That’s unfair. I don’t hate romantic comedies at all. I just hate almost any American romantic comedy made, say, in the past 10 or 15 years. You know the kind I mean: Two attractive quirky people meet-cute and then go through a bunch of crazy misunderstandings before realizing they are right for each other after all. They are usually helped to this epiphany by the grossness of their zany friends, who, in the absence of decent writing, tend to exercise bodily functions at hilariously inappropriate times.
Yeah, I hate those. I’m sure Silver Linings Playbook is nothing like that, and I do intend to see it as soon as I can. But the exchange got me thinking about other romantic comedies I liked. One title came right to mind: Groundhog Day.
Talk about great timing. Groundhog Day the movie turns 20 this year, and Groundhog Day the holiday is tomorrow. Trust me: there will never be a better time to check it out — whether you’ve seen it a dozen times like I have, or have yet to see it at all.
Like a lot of classic movies, Groundhog Day opened to tepid reviews. It was just a pleasant, run-of-the-mill comedy when Roger Ebert first saw it in 1993; twelve years later he was calling it a work of genius. I agree with the 2005 Ebert. This is Bill Murray at the height of his powers, in a role written with only him in mind. Andie MacDowell and Chris Elliott are pretty good too. In fact, maybe they’ve never been better.
In every life there are a lot of days we’d like to do over, and keep doing over until we get them right. Groundhog Day imagines how that might play out. More subtly, it’s a reminder that every day’s improvable, and that who you are is nothing more than the sum of all the days and decisions that went before.
Or something like that. The point is, you should try to do the right thing. And definitely continue with those piano lessons. It’ll help you get the girl.
I’d put Groundhog Day in maybe the top 25 movies of all time. It’s as American as it gets, it’s definitely romantic, and it’s definitely a comedy. Never let it be said that I despise the genre. I just despise the bad examples.
John H. says
I like Groundhog Day, but wouldn’t go out of my way to see it again. That’s probably more about Bill Murray than the movie itself. For me, a little bit of Bill goes a long way.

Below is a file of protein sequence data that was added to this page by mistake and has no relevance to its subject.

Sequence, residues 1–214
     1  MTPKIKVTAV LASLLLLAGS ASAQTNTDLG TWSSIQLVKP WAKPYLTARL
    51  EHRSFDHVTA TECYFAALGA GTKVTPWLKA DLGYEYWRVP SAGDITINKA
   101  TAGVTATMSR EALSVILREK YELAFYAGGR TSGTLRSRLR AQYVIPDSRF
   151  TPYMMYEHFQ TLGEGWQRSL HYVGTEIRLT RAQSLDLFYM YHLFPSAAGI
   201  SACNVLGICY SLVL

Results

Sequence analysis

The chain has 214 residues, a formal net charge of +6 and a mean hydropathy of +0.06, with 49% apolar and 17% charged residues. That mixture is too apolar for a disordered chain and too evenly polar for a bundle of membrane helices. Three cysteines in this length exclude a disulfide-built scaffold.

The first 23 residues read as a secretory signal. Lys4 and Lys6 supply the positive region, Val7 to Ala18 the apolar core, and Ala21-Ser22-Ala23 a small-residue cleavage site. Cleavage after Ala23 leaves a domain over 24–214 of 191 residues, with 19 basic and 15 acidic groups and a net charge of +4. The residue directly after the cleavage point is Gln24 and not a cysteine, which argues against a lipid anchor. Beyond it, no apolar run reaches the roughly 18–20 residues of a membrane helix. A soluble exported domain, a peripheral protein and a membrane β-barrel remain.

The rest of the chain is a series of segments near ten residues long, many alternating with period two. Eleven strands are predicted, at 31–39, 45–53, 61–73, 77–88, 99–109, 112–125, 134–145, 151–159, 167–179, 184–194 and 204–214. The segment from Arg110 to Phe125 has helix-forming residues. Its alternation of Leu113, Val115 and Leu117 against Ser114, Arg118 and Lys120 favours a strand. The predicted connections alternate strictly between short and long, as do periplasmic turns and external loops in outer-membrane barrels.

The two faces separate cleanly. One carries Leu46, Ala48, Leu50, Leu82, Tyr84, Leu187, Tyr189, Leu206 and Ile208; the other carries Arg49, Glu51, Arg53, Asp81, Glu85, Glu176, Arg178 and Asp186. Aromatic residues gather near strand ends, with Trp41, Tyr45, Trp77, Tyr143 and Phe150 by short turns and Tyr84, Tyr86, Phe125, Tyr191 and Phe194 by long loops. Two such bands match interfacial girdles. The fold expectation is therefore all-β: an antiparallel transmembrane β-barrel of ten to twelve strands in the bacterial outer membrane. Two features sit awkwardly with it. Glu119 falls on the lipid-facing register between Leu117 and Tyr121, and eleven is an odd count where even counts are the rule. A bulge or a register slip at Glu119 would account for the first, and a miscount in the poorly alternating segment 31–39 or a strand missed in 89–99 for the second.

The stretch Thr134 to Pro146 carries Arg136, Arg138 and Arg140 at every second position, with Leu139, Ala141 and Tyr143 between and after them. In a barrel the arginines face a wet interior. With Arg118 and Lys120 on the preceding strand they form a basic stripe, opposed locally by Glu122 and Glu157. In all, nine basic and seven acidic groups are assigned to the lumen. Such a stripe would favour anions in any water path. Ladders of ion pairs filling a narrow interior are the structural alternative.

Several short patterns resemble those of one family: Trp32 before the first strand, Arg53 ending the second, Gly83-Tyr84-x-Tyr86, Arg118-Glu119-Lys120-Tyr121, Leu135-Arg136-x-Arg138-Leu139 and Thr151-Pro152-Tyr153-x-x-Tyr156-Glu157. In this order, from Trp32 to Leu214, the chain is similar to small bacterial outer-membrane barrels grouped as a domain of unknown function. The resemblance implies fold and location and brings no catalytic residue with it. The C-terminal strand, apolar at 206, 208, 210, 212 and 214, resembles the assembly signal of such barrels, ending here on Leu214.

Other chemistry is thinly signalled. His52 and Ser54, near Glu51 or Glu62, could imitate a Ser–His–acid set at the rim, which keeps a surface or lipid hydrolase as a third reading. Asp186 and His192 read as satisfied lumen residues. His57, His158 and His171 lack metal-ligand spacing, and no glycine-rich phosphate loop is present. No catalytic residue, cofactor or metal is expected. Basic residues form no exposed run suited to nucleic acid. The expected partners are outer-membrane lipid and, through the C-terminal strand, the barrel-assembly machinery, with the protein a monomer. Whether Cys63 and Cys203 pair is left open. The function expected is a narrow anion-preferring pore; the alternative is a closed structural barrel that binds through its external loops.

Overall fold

I just looked, and AFI’s top ten rom coms include Annie Hall (I agree) and Harold and Maude. I like Harold and Maude a lot, but is it really a rom com?
Dave Knadler says
If it is a rom-com, it certainly doesn’t follow the formula. I find Harold and Maude kind of tough to watch, for some reason.
John H. says
I’ve seen H&M 2 or 3 times, but I admit it’s been probably 20 years since I last watched it. I mainly remember how much I liked the dark humor, and the outrage of all the authority figures at their relationship. I remember one in particular (the priest?) choking out the word “comingling”. My favorite line is when the psychiatrist asks Harold if his fake suicides are all for his mother’s benefit. Harold replies, “I wouldn’t say ‘benefit’.” Now that I think of it again, Maude is a variation on what’s now known as the “Manic Pixie Dream Girl”
Great post Dave. I love the movie “Groundhog Day.” I bought it on DVD a few years ago and we watch it nearly every year around Groundhog Day. You’ve inspired us to watch it tomorrow night for date-night. Like you, it always makes me think about the many do-over days in my life (and at this point, it would be the guitar that I’d be playing instead of piano!).
Dave Knadler says
I’m going to have to buy it too. Stupid Netflix had it available for streaming, and then pulled it just two days ago — right when a lot of people might want to watch it. People like me.
Netflix is dead to me. One of my do-overs would be canceling the service two years ago.